Learn to Timber Frame

Read about the book Learn to Timber Frame, by Will Beemer, reviewed by Judy Hayward.
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Learn To Timber Frame book

Learn to Timber Frame

By Will Beemer

Storey Publishing, North Adams, MA; 2016

Hardcover; many color photos & illustrations;

192 pages; $24.95; ISBN: 978-161-2126685

If we were to judge Learn to Timber Frame by its title and cover, we would assume that this book is a dandy text for do-it-yourselfers. We would be right but not completely right. In truth, Learn to Timber Frame is an education in timber framing for professionals, too. Yes, as the book’s cover promises, it delivers “complete plans for a 12' x 16' cabin.” It is possible to read and build with this book as a guide. But that is just the beginning.

Author Will Beemer uses a mallet to “drive the chisel down the ends of the mortise.”

Author Will Beemer uses a mallet to “drive the chisel down the ends of the mortise.”

This book is valuable because it guides anyone, aficionado or pro, through the design, tools, craft, and erection of timber frames. Architects and architectural historians can benefit from a read if they want to understand the timber frame phenomenon of the past 40 plus years. Newly hired workers in timber frame companies can benefit from reading it as an introduction to work. Young people in vocational carpentry programs yearning for something more than stick framing or modular construction can read it for inspiration and courage to as Beemer writes, “work with hand tools that can be carried in one tool box.” Homeowners can read it to familiarize themselves with terms and design in advance of interviewing timber framers for a project.

The author encourages his audience to be mindful that since timber framing uses large dimensional wood (greater than 5 by 5 inches) that a few tools should be used to “bring the tools to the work piece rather than the other way around.”

The author encourages his audience to be mindful that since timber framing uses large dimensional wood (greater than 5 by 5 inches) that a few tools should be used to “bring the tools to the work piece rather than the other way around.”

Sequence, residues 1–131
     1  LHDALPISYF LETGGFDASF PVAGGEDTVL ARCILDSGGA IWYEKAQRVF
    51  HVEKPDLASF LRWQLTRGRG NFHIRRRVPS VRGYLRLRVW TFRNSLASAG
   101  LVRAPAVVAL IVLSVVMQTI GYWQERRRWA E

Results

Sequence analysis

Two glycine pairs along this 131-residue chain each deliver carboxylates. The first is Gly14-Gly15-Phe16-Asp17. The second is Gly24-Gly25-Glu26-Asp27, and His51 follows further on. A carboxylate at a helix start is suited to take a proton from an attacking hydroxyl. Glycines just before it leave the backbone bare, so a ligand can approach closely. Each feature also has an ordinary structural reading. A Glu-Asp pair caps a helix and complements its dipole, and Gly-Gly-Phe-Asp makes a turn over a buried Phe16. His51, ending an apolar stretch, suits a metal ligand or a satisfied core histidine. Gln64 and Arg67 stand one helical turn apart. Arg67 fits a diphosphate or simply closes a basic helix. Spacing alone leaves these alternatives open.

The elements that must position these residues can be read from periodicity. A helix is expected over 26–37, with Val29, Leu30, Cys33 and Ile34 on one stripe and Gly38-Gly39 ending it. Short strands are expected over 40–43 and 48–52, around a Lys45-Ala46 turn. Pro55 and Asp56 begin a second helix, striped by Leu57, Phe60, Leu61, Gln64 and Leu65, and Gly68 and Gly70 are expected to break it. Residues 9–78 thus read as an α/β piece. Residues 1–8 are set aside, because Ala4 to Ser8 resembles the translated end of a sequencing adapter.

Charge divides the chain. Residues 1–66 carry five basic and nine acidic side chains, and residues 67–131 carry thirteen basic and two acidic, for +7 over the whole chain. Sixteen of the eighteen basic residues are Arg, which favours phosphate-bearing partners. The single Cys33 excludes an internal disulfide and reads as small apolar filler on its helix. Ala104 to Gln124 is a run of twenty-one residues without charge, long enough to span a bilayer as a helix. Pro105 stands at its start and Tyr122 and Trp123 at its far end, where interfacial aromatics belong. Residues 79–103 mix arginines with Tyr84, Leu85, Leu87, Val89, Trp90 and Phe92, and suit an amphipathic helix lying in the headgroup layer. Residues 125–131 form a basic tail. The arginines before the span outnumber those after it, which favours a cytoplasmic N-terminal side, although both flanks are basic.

This book is valuable to so many types of readers because it is written by an educator, Will Beemer, co-director of the Heartwood School for the Homebuilding Crafts in Massachusetts. Will and his wife have been at the helm of the Heartwood School since 1985. He is a founding member of the Timber Framers Guild and currently active in the development of the Guild’s Apprenticeship Training Program. He has taught timber framing all over the world.

Will has translated his practical hands-on experience into a readable form that gives the reader the courage to build. The book is carefully organized into nine chapters that define timber framing, help the novice to get started, and then systematically work from plans to tools to cutting to raising the frame.

The joining of the rafter peak illustrates the level and helpfulness of detailed drawings found throughout the book.

The joining of the rafter peak illustrates the level and helpfulness of detailed drawings found throughout the book.

Beemer has thoroughly augmented the text with detailed photos and drawings to make the process clear. The book has excellent graphics. Call-out boxes expand on such practical topics as the difference between softwood and hardwood and whether more timber should be ordered. There are “Timber Tips” freely shared throughout the book that appear just when the student might have a question on craft detail such as, “Both the tenon and the mortise should be shaped to be parallel with the grain of their respective members.” He finishes the book with a chapter on foundations and enclosure systems, a glossary, resource list and bibliography.

Traditionally journeyman took their journeys after having served an apprenticeship. Master builder and educator, Will Beemer, accelerates the process with this book. Whether you build the cabin or not, you’ll want to!

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